Despite a contemporary socio-culture revolving around cultural consumption of imagery, metaphors, representations and gaze, photo-elicitation is a rarely used method for social scientists and planners to acquire knowledge. In this paper, we discuss participant-driven photo-elicitation, a process in which participant photos are paired with in-depth interviews. Based upon a review of the literature on photo-elicitation and our own transnational fieldwork experiences with it, we argue that this method has four primary advantages: photos can provide tangible stimuli for more effectively tapping into informants' tacit, and often unconscious, consumption of representations, images and metaphors; produces different and richer information than other techniques; and may also help to reduce differences in power, class and knowledge between researcher and researched. Finally, we argue that this method has unique potential to empower participants' involvement in activities related to local planning for sustainable community development and natural resource management efforts. © 2010 Taylor & Francis.

Burton R.J.F.,Center for Rural Research | Schwarz G.,Johann Heinrich Von Thunen Institute
Land Use Policy | Year: 2013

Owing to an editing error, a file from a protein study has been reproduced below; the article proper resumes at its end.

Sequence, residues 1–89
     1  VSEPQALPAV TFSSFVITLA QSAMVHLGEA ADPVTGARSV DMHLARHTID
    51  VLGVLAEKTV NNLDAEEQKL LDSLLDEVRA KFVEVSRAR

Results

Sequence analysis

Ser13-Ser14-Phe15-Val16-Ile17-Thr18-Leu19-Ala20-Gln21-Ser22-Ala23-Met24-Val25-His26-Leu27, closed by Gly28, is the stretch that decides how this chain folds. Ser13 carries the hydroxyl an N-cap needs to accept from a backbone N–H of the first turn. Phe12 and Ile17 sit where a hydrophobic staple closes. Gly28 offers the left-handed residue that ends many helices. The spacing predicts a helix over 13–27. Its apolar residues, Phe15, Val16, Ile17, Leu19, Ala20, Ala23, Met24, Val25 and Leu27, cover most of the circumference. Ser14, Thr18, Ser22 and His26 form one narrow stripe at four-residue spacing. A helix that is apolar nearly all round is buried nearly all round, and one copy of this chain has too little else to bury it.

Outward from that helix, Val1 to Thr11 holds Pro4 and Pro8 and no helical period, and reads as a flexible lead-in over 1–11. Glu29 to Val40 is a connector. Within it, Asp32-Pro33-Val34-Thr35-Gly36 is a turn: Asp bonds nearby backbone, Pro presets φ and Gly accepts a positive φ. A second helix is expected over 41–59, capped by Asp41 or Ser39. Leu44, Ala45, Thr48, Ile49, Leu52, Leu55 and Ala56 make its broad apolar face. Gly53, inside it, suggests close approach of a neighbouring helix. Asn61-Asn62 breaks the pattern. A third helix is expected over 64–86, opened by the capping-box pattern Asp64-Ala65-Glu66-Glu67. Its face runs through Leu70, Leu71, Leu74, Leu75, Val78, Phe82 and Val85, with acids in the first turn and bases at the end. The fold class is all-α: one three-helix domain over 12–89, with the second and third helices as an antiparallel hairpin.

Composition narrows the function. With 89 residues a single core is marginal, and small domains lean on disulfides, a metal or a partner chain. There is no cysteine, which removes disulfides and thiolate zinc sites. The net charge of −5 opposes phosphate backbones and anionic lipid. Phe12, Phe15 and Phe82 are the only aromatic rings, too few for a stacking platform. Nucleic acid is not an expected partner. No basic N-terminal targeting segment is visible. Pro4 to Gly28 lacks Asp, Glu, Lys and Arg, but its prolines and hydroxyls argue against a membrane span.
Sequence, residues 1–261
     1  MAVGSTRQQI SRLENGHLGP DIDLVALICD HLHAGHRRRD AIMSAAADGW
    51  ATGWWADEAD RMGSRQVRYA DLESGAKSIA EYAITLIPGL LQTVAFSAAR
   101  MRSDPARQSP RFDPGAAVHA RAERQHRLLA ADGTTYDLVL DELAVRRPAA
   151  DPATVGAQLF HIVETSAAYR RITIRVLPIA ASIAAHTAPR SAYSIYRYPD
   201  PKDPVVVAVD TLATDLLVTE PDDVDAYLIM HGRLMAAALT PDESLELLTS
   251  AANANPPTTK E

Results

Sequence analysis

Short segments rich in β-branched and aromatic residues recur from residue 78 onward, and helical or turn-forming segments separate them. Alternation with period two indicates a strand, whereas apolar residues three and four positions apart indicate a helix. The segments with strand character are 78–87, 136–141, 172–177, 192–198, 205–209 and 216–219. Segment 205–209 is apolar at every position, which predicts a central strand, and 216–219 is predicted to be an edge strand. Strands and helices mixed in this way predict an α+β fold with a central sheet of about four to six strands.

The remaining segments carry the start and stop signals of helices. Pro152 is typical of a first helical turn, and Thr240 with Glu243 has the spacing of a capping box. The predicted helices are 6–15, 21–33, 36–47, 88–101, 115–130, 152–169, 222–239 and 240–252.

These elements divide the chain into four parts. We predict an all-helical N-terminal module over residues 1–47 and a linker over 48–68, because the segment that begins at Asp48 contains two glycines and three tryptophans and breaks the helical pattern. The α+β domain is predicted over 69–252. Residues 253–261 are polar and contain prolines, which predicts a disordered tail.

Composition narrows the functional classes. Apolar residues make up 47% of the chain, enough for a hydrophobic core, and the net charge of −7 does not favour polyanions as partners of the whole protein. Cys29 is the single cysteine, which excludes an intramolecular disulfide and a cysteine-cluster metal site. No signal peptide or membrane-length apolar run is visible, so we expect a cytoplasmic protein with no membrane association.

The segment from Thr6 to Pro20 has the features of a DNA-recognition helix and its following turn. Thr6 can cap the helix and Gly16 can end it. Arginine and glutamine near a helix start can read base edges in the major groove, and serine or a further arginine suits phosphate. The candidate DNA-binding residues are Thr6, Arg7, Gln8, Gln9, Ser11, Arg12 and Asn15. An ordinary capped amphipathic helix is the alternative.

Increasing interest is being shown in result-oriented agri-environmental schemes. Such schemes have the advantage of encouraging farmers to innovate to produce environmental goods - thus promoting the development of new skills and knowledge and, theoretically, ensuring that farmers are paid for provision rather than for performing management behaviours that may, or may not, lead to provision. In Europe a number of projects have trialled result-based payments over the last decade and calls for a stronger connection between agri-environmental payments and outcomes are growing. However, while the amount of information available on result-oriented schemes is increasing, there is currently no overview of the approach in the literature. This paper seeks to address this gap through a review of existing literature. It discusses why we might consider the use of result-oriented schemes, outlines two key 'problem areas' (the increased risk schemes represent to farmers, and the difficulties of developing and monitoring indicators), and, finally, proposes a framework for examining the strength of results orientation based on three dimensions - proportion of result-oriented payments, sensitivity of payments, and duration of schemes/payments. Although economic and ecological arguments are outlined, our focus in the analysis is on how the result-oriented approach is likely to institute cultural/social change, and how to optimise schemes to ensure cultural embeddedness. © 2012 Elsevier Ltd.